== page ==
The chance that this Tod Hostetter would reveal himself to be a serious marriage candidate was negligible. America was the land of unprecedented opportunity, but this didn’t mean class consciousness didn’t exist. On the contrary, now especially, as the country was flooded with millionaires, the existing elite withdrew into a social fortress in which lineage and name were of utter importance. Caroline Astor, the uncrowned queen of New York society, refused to host in her salon even the Vanderbilts, at the time the richest family in the United States—only because their forefather, Cornelius, had begun his career as a ferry boy and his descendants behaved in a fashion too unorthodox in her eyes for them to be classified as ladies and gentlemen.

“Mrs. Astor,” as all of America knew her, was descended from the Knickerbockers, the British and Dutch pioneers who had set the tone of American society since colonial times. She considered it her personal mission to prove that she and her countrymen were more than the tobacco-chewing illiterate bumpkins the world took them for. After Georges Clemenceau—who would eventually become French prime minister—announced in 1889 that America had gone from barbarism to hedonism “without achieving any civilization between the two,” Mrs. Astor drew up a list of the four hundred people who in her view counted as a kind of American aristocracy. The chosen ones could boast of not only an impeccable way of life but also fortunes that could be traced back at least three generations.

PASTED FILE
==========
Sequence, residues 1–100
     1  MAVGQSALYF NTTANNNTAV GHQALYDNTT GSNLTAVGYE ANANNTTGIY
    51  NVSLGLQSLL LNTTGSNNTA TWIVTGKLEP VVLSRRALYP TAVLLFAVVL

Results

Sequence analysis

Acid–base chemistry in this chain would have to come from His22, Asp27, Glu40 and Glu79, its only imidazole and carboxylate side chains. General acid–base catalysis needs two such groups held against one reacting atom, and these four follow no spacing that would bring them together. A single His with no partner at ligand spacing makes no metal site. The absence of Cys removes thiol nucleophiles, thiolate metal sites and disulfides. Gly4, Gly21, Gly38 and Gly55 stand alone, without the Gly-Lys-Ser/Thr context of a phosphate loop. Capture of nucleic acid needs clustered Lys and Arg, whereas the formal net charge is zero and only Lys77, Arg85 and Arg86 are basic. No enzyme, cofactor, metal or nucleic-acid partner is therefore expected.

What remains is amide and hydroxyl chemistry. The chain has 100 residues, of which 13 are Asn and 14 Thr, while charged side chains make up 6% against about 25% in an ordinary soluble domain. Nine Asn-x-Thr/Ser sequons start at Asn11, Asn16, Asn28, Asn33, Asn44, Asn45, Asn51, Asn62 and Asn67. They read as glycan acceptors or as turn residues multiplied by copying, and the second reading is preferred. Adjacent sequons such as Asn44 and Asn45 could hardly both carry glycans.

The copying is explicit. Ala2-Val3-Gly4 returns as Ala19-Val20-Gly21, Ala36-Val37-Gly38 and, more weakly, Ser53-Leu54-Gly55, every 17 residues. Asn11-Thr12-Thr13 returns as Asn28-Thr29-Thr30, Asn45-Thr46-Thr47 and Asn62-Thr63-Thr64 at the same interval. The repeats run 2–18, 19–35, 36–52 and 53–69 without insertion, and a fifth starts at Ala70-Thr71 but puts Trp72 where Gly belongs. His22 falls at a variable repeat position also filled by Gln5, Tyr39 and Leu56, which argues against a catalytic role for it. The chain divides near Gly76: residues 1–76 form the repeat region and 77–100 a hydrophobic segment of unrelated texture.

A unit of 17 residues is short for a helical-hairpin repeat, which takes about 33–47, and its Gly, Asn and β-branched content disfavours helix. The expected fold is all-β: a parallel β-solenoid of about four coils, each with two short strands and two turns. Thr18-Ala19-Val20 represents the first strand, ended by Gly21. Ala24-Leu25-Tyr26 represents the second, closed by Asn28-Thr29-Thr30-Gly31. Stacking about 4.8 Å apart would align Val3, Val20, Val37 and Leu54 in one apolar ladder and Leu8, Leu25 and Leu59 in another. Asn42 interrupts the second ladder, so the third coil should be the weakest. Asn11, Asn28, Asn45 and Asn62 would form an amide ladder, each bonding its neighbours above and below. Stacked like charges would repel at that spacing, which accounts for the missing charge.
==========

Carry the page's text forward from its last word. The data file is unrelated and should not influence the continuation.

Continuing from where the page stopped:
As happens when anything can be bought except social status, trying to prove themselves in Mrs. Astor’s eyes became a true mania among the wives of the nouveaux riches. Handbooks like The Laws of Etiquette, or Short Rules and Reflections for Conduct in Society were studied closely, and any decent American town had its own social register, or blue book—a directory of families who were worthy of being received in polite society. Even Tod’s mother had acted in this race to respectability. Although her husband’s money was certainly new and smelled just a little too strongly of alcohol to be respectable, she still managed to have her two oldest children marry scions of old, prominent Pittsburgh families.

The last thing Rosetta Hostetter needed was a liaison between her son and a girl without social status, means, or useful connections and from a region that, compared to metropolitan Pittsburgh, counted as the sticks. For this reason, the lovers kept their budding summer romance on Lake Chautauqua strictly secret at first. It remained so—even in the late summer, when the season’s visitors had left Chautauqua and Tod was expected to resume his medical studies. And even after Allene, in the heart of the cold winter of 1891, discovered that the clandestine meetings with her Pittsburgh admirer had not been without consequence. She was pregnant.

It was the end of the nineteenth century, and Victorian standards of propriety were followed to the letter. Men and women lived in completely separate worlds, and the bourgeoisie was so prudish that piano, chair, and table legs were covered and any thoughts that drifted toward sexuality were to be fended off. And if there was one sin that a respectable, unmarried girl in this age could not commit, it was to become pregnant.